Participants will wear Pokens, whimsical devices that use near field communication (NFC) to retrieve and store information from fellow attendees, and then, electronically network with their connections from their computers.

The conference, organized by The Schallert Group of Longmont, Colorado, brings eight headline speakers to a single stage, providing independent entrepreneurs and small businesses access to insights usually available only to Fortune 500 companies.

Rather than exchanging business cards, Summit attendees can collect contacts by holding the Pokens close, – a “high four” from the four-fingered hand of playful characters such as a kitten or panda.

The green glow signals that the connection has been made.

In a first-in-the-U.S. pilot, conference-goers can visit Boulder businesses equipped with Poken technology and will experience this two-way NFC exchange of information. For example, information and videos about fine wine for sale can be passed to customers, while the store receives information about the prospective purchaser.

“Boulder will be the first city in the country where Poken Sparks and Poken Tags are demonstrated,” says Jon Schallert, president of The Schallert Group and a speaker at the conference. “We’re going to put them in different retail stores and conduct a Downtown Boulder treasure hunt.”

Poken devices, created in Switzerland and just now coming to North America, are popular for social networking – a paperless way to collect more than phone numbers at parties – and are finding application in more fields.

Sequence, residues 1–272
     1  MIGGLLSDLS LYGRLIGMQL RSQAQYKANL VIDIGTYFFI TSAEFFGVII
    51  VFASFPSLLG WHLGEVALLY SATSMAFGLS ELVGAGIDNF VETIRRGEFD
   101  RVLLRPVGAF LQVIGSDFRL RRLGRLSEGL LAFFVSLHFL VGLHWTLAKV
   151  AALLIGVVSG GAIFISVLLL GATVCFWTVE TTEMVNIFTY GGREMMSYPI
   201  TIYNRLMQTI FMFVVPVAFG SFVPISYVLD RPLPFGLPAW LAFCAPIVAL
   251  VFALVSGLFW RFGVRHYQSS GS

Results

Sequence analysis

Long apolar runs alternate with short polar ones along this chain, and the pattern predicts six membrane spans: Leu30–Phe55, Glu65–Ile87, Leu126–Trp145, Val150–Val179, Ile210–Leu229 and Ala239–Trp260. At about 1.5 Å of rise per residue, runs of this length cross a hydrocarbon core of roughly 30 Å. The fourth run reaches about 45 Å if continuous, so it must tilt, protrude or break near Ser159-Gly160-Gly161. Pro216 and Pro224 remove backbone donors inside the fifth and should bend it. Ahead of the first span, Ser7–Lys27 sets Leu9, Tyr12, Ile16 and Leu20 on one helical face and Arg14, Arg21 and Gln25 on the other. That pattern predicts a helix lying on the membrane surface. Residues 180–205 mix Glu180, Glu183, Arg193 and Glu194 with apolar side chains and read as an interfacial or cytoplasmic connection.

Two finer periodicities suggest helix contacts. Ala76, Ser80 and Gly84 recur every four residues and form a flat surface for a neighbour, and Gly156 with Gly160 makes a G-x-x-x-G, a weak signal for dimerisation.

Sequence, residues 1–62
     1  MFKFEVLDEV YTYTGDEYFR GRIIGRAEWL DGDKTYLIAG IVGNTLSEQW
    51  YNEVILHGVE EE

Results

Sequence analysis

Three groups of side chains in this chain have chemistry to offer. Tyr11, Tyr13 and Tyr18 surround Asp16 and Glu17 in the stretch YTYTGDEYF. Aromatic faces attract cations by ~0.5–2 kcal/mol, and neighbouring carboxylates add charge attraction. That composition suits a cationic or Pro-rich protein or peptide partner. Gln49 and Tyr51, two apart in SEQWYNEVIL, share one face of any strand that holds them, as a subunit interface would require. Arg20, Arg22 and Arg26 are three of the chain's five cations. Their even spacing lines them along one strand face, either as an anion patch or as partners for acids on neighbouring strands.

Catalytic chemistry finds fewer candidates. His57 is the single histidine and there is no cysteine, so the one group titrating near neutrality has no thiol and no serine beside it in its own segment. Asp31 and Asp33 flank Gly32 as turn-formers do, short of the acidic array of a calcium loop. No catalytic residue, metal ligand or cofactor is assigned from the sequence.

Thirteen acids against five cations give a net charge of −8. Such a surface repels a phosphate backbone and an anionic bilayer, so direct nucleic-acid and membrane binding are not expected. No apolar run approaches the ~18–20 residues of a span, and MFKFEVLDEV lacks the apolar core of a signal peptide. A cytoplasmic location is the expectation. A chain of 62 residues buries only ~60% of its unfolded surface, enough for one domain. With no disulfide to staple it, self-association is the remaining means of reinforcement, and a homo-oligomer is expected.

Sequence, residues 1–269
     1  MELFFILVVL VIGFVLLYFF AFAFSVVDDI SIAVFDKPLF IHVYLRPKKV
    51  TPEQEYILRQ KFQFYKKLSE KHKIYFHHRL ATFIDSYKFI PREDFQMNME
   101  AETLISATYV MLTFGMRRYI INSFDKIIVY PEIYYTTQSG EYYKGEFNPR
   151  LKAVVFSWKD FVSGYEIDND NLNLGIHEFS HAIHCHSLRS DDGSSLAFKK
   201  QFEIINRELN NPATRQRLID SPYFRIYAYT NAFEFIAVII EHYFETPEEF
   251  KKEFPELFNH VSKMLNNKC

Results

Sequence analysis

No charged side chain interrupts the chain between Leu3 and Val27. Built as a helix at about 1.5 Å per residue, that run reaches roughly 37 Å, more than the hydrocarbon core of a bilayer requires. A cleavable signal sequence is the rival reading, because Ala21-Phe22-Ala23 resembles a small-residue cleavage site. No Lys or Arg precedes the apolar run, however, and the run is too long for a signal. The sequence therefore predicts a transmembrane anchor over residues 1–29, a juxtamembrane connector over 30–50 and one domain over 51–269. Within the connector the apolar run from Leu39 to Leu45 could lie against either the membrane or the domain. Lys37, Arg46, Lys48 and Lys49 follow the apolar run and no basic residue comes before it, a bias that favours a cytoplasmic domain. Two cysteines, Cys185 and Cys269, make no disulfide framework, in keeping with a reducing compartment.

This fall, Indiana State University became the first college to distribute Pokens to all incoming students, easing introductions and potentially boosting retention for the school.

Schallert, arranged to introduce Pokens at the Summit Business Conference after he discovered the technology in an in-flight magazine article.

The cutting-edge application fits the event’s aim to elevate small businesses, he says.

“Our conference is really a way that any size business can play on a level playing field with some big companies that would normally get this expert advice. There’s a synergy that comes from combining new technology and these top business experts together to teach independent entrepreneurs.”

In addition to Schallert, speakers are Michael Kerr, a humor expert; Debra Fine, a business networking expert; Terri Norvell, a leadership development expert; Andy Core, a wellness expert; Marti Barletta, author and worldwide expert on marketing to women; Henriette Klauser, an author and authority on writing productivity; and Shawne Duperon, an Emmy-winning TV producer and publicity strategist.